2022-10-06

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Cost of living: What do Covid, war and drought have to do with my bills? – BBC

By Tom Edgington
BBC News

A long and painful recovery from Covid, war in Ukraine, droughts in many countries and tricky relations between the West and China – 2022 has seen one challenge after another facing the world.
These problems may appear to be unconnected, but they are all making one thing worse – the cost of living crisis.
Before it invaded Ukraine, Russia was supplying the European Union with 40% of its gas, making it Russia's largest customer.
However, after the war started, many European countries hit Russia with a range of penalties – known as sanctions – and promised to reduce their reliance on Russian energy.
Russia has since cut supplies to Europe – temporarily closing the main pipeline and deliberately burning off a large amount of gas. It denies using energy as a political weapon, but the effect has been to send prices soaring.
Despite importing little gas from Russia, the UK has also been hit hard by the sharp rise in world gas prices.
This is set to have a major impact on household energy bills. From 1 October, the amount companies can charge customers will jump by 80%. The bill for a typical household will hit £296 per month.
As well as energy, Russia's invasion has also affected food prices. Efforts to ship out 20 million tonnes of grain stuck in Ukraine are only just getting under way. Other food such as maize and sunflowers – used to make cooking oil – are also trapped.
With Ukraine's food unable to be shipped abroad, prices have soared in many countries. Wheat prices, for example, are up 25% since last year.
It's all contributed to rising food prices for UK shoppers which are up nearly 13% in the year to July. Products made from wheat – like bread, cereal and pasta – have had some of steepest price rises.
Energy prices were on the rise even before Russia invaded Ukraine. The big problem was Covid.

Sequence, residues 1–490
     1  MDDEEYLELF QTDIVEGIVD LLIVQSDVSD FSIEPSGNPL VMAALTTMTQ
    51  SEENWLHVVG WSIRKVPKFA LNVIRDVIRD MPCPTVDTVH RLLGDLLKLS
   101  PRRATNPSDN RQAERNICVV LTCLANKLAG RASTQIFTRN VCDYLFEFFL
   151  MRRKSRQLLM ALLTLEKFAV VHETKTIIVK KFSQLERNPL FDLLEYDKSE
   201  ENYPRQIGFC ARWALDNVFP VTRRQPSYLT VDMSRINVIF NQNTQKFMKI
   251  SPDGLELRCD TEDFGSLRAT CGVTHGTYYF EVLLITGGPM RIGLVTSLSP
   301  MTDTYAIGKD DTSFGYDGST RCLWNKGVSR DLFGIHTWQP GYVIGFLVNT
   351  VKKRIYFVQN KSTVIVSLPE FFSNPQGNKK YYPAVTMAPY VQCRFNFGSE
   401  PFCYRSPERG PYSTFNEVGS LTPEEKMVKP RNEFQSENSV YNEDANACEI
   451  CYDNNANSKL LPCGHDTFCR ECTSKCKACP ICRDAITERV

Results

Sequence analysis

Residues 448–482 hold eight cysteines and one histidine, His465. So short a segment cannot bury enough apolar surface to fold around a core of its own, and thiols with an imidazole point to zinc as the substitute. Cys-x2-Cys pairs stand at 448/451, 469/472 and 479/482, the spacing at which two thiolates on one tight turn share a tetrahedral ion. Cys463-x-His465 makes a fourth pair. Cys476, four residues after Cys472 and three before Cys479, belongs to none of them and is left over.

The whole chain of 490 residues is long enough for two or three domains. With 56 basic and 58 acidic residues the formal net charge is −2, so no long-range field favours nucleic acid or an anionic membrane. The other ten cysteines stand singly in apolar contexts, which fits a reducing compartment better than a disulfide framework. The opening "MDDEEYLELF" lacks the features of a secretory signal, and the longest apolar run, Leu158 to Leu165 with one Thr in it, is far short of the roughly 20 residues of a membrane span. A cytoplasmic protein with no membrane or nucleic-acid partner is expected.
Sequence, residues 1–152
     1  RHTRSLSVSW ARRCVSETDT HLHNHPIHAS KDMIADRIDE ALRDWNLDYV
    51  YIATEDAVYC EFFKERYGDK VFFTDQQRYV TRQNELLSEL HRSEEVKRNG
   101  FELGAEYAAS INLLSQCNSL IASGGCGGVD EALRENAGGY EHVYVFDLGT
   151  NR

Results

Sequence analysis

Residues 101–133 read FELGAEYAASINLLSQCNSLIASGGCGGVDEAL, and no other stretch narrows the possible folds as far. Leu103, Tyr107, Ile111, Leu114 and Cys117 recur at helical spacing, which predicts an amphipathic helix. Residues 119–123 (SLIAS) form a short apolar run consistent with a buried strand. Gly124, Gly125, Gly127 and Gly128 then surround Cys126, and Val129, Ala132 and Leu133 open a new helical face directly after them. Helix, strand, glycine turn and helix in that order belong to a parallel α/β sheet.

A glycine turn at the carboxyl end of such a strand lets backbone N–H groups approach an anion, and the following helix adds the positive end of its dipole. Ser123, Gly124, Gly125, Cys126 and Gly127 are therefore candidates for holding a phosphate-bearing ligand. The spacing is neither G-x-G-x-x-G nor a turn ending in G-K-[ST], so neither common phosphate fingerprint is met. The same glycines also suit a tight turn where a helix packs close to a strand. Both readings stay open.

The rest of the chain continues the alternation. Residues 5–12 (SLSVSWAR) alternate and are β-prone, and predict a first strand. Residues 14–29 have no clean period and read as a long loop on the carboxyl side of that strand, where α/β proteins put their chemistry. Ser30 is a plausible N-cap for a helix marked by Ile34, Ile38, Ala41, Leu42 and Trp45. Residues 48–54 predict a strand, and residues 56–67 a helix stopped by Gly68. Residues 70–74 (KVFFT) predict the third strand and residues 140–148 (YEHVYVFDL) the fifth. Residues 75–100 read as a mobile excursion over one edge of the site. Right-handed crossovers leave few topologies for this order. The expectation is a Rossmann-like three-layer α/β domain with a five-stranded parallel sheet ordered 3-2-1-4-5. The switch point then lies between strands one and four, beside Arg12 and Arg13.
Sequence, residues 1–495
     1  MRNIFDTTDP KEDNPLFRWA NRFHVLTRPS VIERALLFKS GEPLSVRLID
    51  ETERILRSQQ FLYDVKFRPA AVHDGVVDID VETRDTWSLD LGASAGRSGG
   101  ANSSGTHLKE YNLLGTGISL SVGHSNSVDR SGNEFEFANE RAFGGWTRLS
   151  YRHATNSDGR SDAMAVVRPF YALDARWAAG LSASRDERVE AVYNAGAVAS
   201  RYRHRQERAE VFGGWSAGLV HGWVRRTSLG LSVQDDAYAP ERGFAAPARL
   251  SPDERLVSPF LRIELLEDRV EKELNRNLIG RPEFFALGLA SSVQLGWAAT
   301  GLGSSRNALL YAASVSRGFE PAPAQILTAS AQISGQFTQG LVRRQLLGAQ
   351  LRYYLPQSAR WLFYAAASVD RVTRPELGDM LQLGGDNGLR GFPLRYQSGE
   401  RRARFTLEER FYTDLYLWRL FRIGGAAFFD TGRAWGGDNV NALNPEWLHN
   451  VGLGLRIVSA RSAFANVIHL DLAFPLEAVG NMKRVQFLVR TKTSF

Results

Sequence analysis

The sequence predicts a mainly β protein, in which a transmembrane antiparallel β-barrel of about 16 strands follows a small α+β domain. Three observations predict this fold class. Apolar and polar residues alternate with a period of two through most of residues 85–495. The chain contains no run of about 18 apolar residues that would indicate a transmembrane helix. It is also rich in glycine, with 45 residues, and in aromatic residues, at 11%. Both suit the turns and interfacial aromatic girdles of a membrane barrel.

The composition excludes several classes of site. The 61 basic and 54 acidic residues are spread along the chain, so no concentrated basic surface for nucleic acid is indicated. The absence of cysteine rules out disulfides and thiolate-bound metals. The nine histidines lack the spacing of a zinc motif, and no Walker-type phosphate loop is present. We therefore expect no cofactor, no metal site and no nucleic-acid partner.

During the pandemic, lockdowns forced many businesses to temporarily close. However, as countries started lifting restrictions, businesses got up and running again.
The sudden surge in demand for energy pushed up prices.
This had a knock-on-effect on the cost of all sorts of things people buy – from cars to computer chips and everything they are found in.
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The shift to home-working also pushed up demand – and prices – as people needed things like work laptops or webcams.
Then, as firms tried to keep up with new orders, bottlenecks formed at busy ports.
Finding enough workers has also been a problem for some firms. Businesses like pubs, restaurants and hotels let people go during the pandemic, but have struggled to attract them after reopening.
It has all contributed to rising prices for customers.
Climate change is expected to cause more frequent extreme weather events around the world.
Drought is currently affecting Europe and China, while Pakistan is suffering from extreme flooding.
Spain, for example, produces half of the world's supply of olive oil and has been hit by its worst ever recorded drought.
Producers say shoppers are already paying a third more for olive oil than last year and warn the drought will increase prices even more.
In Italy, tomato crops and wheat used to make pasta have also been affected by extreme weather.
It's not just a problem for food supplies.
Droughts can also lead to rivers, lakes and reservoirs drying up.
This can lead to lower hydroelectric power – a form of renewable energy harnessed from flowing water.
Italy, for example, gets around a fifth of its energy from hydro, but that's fallen by about 40% in the past 12 months. Droughts have also caused power cuts in China.
The effect can be to increase demand for other types of fuel – putting even more pressure on prices.
Make Sense of Food Prices
Find out more about why food prices are on the rise.
Watch now on BBC iPlayer (UK only).
More than a quarter of the world's goods are made in China.
But it has not been an easy year for its factories – and the customers in other countries who buy what they make.
Frequent factory closures have been caused by Covid outbreaks, energy shortages, heatwaves and droughts.
As a result, China has not always been able to keep up with demand. When China faces difficulties it has a domino effect around the world.
China's growing need for fuel is also putting further pressure on global energy prices.
It has also formed a closer relationship with Russia – buying up more of its oil in recent months.
This has made it harder for the west to isolate Russia through economic penalties.
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